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Five-Day Challenge

I am participating in Mary Gilkerson’s Art+Work+Living Five-Day Challenge, which is to paint a painting in 20-30 minutes every day for five days. The purpose is to develop a daily painting practice, using a knife or #6 brush or larger. I plan to add an to add a painting to this blog every day for 5 days.

And Day 5, January 22, 2018: Apple, 6×6 oils on hardboard. I painted this while looking at the Apple. This concludes the Five-Day Challenge, so now the question is, will I continue this daily painting practice? I intend to,  at least puttering in the studio whether not I produce anything worth looking at.  In the process of doing this, I also have straightened out a glitch in my Instagram account so that now it will post both to Instagram and to Facebook at the same time. It was something about how I had created the account, that it just would not post no matter how hard I tried.  I ended up having to dissociate the accounts, delete them from my phone, and re-upload them, and then change the IG account to a business account, and then re-associate the accounts. Now I am learning all about hashtags.

Oils on hardboard
“Apple” can be yours! My store is offering my painting, just click the painting for more information.

Day 4, January 21, 2018: Aloe, oils on hardboard, 6×6. Last month I bought about 20 6×6 pieces of hardboard last month, planning to start a daily painting practice and not wanting to use expensive linen panels. I wanted to feel free to experiment and have less investment in the outcome, both emotional and financial. I realized I hadn’t primed them, so I gesso’d 12 of them, all that I had space for. I use clear gesso on panels or board that is not white; that way I don’t have to tone it to reduce the glare of white gesso. Now… what to paint? I have potted aloe on top of the microwave near the kitchen window, and it receives beautiful high-contrast morning light. I decided that would be my subject, and I squeezed out some greens that are not normally on my palette — sap green, thalo yellow-green, and viridian. (Normally I mix my greens, for plein air painting and for painting the figure.) For the Five-Day Challenge, we are supposed to be reducing the amount of time we paint, from 30 minutes to 20, not counting color-mixing. Since I mix as I go, I adidn’t worry about the time. My timer stopped me at 30. I squinted at my work to evaluate it — not enough contrast. I took another 10 minutes to add some darks, and I cleaned up some edges, and then added a few scalloped edges on some of the leaves, to help identify it as aloe. I’d like to give this subject a second try, reducing the amount of reflected blue light and making it more distinct. Also I will place the pot differently, so it doesn’t look like it is ready to fall off a table. I wasn’t thinking much about composition when I started this painting, just the luscious greens.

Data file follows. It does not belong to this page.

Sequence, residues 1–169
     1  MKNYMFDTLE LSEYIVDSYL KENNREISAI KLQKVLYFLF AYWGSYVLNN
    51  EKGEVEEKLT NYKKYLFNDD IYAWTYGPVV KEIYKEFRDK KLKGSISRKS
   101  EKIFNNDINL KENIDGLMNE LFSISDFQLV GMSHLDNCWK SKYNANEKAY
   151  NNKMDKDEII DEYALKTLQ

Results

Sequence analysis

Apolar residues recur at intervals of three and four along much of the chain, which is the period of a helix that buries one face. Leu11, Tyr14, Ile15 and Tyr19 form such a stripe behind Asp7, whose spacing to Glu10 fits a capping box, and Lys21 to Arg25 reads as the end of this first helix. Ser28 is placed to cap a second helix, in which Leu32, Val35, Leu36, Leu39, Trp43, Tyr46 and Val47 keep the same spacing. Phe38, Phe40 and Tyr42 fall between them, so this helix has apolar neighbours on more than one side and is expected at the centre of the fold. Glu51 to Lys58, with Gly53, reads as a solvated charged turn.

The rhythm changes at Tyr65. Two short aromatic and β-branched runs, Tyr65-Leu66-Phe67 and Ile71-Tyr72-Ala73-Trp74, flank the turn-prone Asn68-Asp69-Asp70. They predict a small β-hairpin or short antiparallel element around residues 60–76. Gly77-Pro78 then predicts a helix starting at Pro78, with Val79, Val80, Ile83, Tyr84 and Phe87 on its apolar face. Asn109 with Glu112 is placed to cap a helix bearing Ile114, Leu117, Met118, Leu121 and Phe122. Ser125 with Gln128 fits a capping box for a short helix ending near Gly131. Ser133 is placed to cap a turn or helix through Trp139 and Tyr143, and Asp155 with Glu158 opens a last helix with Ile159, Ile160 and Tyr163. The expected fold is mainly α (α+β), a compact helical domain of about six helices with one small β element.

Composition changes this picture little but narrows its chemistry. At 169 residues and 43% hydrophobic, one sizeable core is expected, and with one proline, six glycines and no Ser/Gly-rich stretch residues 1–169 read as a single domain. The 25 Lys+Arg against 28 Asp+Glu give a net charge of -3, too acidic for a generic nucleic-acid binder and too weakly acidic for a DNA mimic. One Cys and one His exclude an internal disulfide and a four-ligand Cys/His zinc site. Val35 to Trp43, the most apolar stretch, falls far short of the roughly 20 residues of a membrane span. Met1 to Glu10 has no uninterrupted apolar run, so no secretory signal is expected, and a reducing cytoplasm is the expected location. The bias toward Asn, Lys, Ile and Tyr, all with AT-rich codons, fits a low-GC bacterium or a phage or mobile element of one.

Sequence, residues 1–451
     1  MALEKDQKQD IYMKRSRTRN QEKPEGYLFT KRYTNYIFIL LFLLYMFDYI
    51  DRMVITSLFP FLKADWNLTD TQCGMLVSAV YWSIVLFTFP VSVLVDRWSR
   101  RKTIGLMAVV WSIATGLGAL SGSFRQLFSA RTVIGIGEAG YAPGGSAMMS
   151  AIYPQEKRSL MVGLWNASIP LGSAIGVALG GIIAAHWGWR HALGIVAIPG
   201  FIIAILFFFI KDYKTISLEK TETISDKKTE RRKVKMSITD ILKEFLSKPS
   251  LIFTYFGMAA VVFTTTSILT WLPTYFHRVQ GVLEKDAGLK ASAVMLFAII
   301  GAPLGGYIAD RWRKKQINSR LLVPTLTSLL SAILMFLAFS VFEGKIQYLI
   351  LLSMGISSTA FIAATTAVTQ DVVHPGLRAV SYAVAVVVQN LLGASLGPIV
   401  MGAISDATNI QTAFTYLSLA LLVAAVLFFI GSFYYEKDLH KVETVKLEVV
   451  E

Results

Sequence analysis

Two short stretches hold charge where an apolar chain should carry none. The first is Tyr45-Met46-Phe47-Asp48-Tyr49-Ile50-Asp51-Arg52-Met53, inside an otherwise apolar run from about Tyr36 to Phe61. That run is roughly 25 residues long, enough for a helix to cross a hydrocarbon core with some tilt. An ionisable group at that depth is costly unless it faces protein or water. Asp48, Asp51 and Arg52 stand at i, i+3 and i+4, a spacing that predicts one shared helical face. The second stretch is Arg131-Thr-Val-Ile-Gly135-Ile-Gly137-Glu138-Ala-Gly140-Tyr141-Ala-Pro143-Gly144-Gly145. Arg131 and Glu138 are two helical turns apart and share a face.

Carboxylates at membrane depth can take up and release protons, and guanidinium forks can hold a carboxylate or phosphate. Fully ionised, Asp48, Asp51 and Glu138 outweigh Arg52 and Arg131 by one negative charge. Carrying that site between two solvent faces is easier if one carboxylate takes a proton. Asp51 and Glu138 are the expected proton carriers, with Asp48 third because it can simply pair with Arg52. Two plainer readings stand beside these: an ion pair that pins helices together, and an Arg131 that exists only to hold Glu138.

“Aloe” is available now for purchase, click the painting to add it to your collection!